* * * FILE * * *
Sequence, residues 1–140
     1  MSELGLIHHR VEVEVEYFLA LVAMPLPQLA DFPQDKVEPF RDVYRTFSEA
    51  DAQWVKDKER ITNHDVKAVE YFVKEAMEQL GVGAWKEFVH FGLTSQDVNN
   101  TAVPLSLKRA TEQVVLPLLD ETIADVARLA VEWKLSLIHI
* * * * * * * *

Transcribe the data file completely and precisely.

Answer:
Sequence, residues 1–140
     1  MSELGLIHHR VEVEVEYFLA LVAMPLPQLA DFPQDKVEPF RDVYRTFSEA
    51  DAQWVKDKER ITNHDVKAVE YFVKEAMEQL GVGAWKEFVH FGLTSQDVNN
   101  TAVPLSLKRA TEQVVLPLLD ETIADVARLA VEWKLSLIHI